Treasuries, stocks and commodities from soybeans to silver staged big breakouts after the Federal Reserve announced plans to buy $300 billion in Treasuries and $750 billion in mortgage-backed securities. April gold futures surged above $950 an ounce and crude oil rallied above $50 a barrel.

MF Global Research Analyst Nick Kalivas said the Fed’s actions have been viewed as inflationary and a reason to own hard assets.

“Right or wrong, global monetary policy is giving fuel to the gold market. The capital flow into commodities is a risk to the global economic recovery. The world needs low commodity prices in line with weak demand, not an investment flow into commodities, which will raise the cost of production and make goods and services more expensive,” he said.If the commodity markets continue to rally, the movement by the central banks may be self defeating.

Economist Dennis Garman, editor of the popular Gartman Letter, said the Fed “has signaled that it shall err openly and consistently upon the side of inflation rather than deflation. This sets the tone for how we shall trade commodities henceforth; bullishly and almost universally so.”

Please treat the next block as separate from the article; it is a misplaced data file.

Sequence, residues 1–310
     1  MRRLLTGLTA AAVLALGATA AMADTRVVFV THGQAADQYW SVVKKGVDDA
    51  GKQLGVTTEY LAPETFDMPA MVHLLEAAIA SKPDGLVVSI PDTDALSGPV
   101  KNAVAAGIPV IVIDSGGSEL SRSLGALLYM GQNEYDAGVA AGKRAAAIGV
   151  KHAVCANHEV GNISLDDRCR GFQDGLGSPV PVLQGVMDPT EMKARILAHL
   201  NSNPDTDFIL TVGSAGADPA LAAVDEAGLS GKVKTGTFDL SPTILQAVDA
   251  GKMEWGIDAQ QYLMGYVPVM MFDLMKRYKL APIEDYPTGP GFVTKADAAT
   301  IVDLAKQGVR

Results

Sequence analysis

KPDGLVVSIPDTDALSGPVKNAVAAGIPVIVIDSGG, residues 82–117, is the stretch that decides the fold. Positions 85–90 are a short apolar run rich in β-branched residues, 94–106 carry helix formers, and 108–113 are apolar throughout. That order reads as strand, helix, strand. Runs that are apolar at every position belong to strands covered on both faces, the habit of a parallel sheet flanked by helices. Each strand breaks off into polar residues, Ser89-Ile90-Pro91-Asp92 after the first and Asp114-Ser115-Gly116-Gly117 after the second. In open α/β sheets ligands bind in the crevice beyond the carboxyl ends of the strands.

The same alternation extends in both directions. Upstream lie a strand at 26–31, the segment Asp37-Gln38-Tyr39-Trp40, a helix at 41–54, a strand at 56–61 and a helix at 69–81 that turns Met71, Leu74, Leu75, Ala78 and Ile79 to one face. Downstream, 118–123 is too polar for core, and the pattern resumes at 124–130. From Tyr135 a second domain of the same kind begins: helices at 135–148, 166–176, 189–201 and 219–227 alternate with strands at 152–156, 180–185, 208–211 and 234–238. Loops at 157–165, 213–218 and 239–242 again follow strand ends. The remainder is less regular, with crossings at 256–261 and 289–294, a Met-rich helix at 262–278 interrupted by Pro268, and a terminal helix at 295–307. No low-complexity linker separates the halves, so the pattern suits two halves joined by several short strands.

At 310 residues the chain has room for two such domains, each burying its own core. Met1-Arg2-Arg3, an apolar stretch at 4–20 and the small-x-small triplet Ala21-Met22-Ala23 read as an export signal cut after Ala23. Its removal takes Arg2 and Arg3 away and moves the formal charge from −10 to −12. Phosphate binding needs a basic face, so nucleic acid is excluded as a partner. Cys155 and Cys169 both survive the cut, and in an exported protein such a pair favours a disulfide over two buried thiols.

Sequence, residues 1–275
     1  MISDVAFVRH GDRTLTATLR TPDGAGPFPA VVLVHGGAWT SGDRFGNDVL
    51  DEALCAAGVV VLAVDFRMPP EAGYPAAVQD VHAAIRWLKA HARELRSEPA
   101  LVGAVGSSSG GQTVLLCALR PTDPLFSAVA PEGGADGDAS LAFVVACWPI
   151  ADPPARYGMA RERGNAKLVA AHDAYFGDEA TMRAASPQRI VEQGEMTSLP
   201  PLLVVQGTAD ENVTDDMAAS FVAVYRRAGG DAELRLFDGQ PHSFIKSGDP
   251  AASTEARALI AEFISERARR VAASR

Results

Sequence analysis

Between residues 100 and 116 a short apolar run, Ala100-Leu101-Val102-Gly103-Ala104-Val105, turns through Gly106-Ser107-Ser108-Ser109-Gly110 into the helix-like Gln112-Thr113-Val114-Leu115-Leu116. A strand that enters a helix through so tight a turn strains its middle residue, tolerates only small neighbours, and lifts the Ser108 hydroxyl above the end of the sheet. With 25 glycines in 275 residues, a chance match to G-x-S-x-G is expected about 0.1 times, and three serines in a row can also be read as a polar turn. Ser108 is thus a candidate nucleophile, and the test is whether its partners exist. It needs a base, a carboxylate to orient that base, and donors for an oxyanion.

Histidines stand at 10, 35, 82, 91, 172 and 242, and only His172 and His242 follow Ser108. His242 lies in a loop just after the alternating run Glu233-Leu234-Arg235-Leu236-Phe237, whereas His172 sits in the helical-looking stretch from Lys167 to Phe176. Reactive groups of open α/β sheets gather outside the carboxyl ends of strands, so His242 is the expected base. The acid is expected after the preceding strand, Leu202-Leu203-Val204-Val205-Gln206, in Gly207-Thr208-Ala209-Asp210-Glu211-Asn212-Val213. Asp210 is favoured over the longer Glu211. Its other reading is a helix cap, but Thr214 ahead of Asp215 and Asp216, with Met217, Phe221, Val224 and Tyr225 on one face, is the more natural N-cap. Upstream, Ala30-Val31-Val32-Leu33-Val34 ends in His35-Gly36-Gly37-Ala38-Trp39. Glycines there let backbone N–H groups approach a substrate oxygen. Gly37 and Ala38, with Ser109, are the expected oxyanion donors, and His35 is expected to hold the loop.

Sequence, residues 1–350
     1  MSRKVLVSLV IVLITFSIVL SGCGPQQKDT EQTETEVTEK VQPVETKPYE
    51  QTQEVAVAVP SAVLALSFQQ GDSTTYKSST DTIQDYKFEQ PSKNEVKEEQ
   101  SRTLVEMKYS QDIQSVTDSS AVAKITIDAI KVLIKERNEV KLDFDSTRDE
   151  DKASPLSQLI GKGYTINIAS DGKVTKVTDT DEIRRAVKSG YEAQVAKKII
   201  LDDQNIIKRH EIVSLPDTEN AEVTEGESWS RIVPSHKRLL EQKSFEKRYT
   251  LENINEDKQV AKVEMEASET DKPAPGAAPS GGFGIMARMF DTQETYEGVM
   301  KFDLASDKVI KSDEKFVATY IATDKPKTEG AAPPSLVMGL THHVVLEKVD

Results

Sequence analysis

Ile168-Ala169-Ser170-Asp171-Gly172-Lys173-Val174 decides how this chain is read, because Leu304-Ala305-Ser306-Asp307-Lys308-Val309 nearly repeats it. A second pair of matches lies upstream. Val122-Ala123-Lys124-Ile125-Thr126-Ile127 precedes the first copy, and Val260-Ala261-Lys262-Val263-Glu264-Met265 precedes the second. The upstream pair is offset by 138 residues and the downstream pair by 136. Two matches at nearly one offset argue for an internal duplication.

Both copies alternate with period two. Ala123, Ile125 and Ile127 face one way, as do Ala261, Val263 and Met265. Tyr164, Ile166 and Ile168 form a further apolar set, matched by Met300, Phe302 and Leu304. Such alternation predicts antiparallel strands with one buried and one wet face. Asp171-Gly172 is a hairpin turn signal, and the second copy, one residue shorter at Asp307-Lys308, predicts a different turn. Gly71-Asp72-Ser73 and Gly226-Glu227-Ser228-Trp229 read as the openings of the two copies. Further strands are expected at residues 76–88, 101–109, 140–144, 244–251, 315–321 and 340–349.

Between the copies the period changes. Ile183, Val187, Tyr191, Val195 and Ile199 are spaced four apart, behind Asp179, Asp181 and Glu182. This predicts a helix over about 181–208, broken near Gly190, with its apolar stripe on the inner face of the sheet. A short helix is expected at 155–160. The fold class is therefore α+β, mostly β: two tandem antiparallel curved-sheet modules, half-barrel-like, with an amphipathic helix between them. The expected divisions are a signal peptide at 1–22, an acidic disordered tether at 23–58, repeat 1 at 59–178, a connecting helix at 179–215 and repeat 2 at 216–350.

While commodities continue to surge, Lind Plus Senior Market Strategist Jeff Friedman said the stock market may be getting “overcooked” and he recommends day traders sell against resistance as participants look to take some profits. The June S&P futures have seen seven consecutive days of higher highs and six of eight consecutive days of higher lows. Friedman said resistance for the June S&P futures is seen near an upside gap at 816. Support comes in at 734, and a close under the 10-day moving average at 72 would change outlook to more bearish. June S&P futures were last down 1.40 at 790.20.

Futures trading involves the substantial risk of loss and is not suitable for all investors.

Futures Brokers, Commodity Brokers and Online Futures Trading. Lind-Waldock. 141 West Jackson Boulevard, Suite 1400-A, Chicago, IL 60604.